Five years on the advanced West continues to struggle after the surprisingly deep contraction of 2008/2009 while the global economy keeps growing, albeit at a slower pace. The performance gap has thus remained wide between the West and the rest: the world economy has expanded around three per cent annually in recent years, the Euroland grew by two percent in 2010 then contracted slightly both in 2011 and 2012, and 2013 looks fragile too. The US economy has grown by around two percent annually in the recent couple of years. Japan experienced a mild recession in 2011 and is now on a two per cent growth path. All three big advanced economies have remained under- achievers. Closer to home: Germany has hardly managed to grow (0.7 per cent in 2011 and a microscopic 0.1 per cent in 2012); this year is not much better, with a modest 1.5 per cent output increase forecast for 2014 by Deutsche Bank in its July 2013 Focus.

This is the background against which the economic performance of Eastern Europe should be judged. As a whole, Eastern Europe, and within it the East Central Europe (ECE) region is growing faster than Western Europe, a pattern which has been established for nearly two decades now. The region’s vital signs have prompted Anders Åslund, the Swedish economics professor (who formerly served as an advisor to the Yeltsin government in Russia during the ill-fated shock- therapy after 1991) to declare Eastern Europe’s victory over the crisis. In his 2010 book, titled The Last Shall Be the First, Åslund says that “by March 2010 the crisis in the central and eastern European region had more or less abated, and public attention moved to the PIGS (Portugal, Italy, Greece and Spain), in particular to Greece”. Soon few will remember there was a crisis in Eastern Europe – claims Åslund on the first page of his book. He dryly notices that even if there remain some problem economies, they are smallish by European standards: “The three main crisis countries, Hungary, Romania and Latvia, together accounted for only 2 per cent of EU GDP, approximately as much as Greece.”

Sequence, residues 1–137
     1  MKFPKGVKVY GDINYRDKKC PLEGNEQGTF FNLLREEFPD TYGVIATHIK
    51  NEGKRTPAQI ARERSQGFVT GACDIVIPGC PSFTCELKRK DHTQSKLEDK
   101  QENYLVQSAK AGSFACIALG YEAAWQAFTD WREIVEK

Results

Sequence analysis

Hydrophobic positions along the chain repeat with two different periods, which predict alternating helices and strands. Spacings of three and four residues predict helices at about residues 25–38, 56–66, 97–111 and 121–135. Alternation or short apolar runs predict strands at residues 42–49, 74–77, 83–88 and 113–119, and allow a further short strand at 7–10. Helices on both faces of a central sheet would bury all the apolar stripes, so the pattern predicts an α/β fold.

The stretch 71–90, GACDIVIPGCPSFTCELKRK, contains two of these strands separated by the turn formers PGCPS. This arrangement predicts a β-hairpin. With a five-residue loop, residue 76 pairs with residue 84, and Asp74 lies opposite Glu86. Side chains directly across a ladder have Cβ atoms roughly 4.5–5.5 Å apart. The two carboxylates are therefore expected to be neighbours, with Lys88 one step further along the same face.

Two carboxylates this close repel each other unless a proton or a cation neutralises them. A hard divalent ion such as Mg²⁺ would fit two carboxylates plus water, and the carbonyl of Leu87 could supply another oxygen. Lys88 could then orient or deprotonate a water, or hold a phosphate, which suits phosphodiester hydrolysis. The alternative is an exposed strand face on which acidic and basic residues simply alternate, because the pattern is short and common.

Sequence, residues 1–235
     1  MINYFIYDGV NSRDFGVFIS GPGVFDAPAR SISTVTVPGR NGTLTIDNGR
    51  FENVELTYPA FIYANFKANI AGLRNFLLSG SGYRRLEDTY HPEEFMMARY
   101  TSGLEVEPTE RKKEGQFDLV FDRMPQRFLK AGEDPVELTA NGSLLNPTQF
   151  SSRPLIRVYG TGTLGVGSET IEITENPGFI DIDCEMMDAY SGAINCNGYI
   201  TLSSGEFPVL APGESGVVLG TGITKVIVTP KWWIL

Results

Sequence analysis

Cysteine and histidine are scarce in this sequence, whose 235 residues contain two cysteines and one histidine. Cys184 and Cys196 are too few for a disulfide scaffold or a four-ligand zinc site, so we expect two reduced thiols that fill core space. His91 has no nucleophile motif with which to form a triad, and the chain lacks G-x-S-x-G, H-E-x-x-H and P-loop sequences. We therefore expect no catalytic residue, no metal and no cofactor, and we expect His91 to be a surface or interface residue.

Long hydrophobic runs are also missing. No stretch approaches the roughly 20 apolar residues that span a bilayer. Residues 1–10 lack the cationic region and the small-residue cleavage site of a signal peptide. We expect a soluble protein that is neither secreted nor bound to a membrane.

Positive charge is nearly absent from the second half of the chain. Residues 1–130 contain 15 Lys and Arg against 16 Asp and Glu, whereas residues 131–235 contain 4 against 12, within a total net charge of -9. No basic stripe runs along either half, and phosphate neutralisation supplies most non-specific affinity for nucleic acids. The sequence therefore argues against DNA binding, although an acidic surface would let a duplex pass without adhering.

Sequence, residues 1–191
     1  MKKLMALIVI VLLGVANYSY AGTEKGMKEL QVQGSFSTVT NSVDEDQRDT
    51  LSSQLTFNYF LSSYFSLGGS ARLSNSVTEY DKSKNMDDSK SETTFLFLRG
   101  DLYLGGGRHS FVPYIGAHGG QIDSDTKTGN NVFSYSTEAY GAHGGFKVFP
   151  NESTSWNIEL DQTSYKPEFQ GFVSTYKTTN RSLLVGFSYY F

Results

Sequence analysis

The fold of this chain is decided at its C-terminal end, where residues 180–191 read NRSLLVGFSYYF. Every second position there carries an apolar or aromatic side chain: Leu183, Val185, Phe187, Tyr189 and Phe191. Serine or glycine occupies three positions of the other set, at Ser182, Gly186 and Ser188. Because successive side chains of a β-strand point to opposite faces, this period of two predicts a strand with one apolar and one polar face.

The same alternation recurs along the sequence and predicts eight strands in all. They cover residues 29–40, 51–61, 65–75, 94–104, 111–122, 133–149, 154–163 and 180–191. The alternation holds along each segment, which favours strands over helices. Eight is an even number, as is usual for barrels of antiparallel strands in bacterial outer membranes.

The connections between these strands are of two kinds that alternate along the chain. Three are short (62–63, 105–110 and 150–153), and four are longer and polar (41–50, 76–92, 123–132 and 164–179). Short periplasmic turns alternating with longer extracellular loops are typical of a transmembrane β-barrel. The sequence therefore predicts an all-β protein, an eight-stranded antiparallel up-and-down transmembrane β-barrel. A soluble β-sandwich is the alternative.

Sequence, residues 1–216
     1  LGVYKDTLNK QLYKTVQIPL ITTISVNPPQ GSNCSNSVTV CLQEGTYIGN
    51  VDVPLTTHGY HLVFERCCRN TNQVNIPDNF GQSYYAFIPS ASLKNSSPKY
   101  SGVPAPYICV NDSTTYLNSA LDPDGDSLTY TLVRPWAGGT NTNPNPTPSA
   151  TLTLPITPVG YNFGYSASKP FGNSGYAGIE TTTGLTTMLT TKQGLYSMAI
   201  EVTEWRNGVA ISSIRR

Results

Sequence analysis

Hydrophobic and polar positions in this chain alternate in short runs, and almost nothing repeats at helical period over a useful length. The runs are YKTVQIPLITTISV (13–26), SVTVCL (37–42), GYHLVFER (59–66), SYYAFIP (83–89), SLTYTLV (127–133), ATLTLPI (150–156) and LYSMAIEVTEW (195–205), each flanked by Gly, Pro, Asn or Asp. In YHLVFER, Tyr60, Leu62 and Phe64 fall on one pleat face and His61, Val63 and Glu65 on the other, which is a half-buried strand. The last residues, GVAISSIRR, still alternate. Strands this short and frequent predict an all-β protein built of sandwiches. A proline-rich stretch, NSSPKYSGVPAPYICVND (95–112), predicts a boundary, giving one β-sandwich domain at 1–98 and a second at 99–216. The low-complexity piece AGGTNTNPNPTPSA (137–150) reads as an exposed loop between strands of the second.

He is not alone in praising ECE’s progress: László Andor, EU commissioner for social issues and employment, opined some years back as a university lecturer (and a colleague of mine) in his 2010 book on transition that if the Great Recession had not happened or the turbulence had avoided the region, the twenty-year transition would have been a great success.

Well, the financial crisis did happen, and the region contracted more in 2009 than the advanced core. True, recovery in some transition countries has been faster than in advanced Europe. Still, this region faces several complications, think of the protracted socio-economic tension in Ukraine and in Bulgaria, or the recent financial problems in transition star Slovenia. Hungary, as we have been discussing in these columns, lost momentum in 2006 and has not yet regained it. Yet, others are performing well: Poland has done nicely until very recently, while Latvia has managed to meet the entry conditions of the Euroland and could adopt the euro from 2014.

These contradictory facts do not allow for a simple statement about where we stand now: a detailed analysis of trends and policy events in European transition economies is needed before concluding who is right. Here I will concentrate on ECE, the more advanced core region of former communist planned economies. But first, let us revisit the financial crisis that has changed the overall European landscape so much.

It takes a long time for a particular set of financial disturbances to evolve into what you can call a genuine crisis, as is the case with the most recent one, which started sometime in 2007 in the US. It is much easier to pinpoint when the crisis actually hit the ECE region. It was the day after 15 September 2008 – the collapse of Lehman Brothers, the leading American investment bank. Fund owners and moneymen immediately concluded that if such an esteemed financial institution can go bankrupt overnight, you’d better be as cautious as possible with inherently risky assets and counterparties. Anyone for Hungarian or Romanian government bonds, or property development projects in the Baltic countries? Irrational exuberance vanished, bank treasurers ran for the exit. The uncoordinated capital movements (or more simply put: the panic) led to a near full stop in flows of funds to our region. As a consequence, the Hungarian government was forced to turn to the IMF and the EU for financial help in October 2008. Soon after, Romania and Latvia, also EU member states, followed suit.

No economy remained intact from the shock waves of what politicians and the media of the advanced nations called a global crisis – even though it was global neither in its nature nor in its economic consequences. Nor did all European countries experience a recession. The Polish economy even managed to grow, albeit at a much slower pace than before, in 2009 – the year that goes down in economic history books as a year of Europe-wide recession. Albania also remained in the black in 2009. Still the general picture is that most former planned economies – transition success cases among them – suddenly experienced a fall from grace as soon as the inflows of bank loans and foreign direct investments (FDI) suddenly dried out.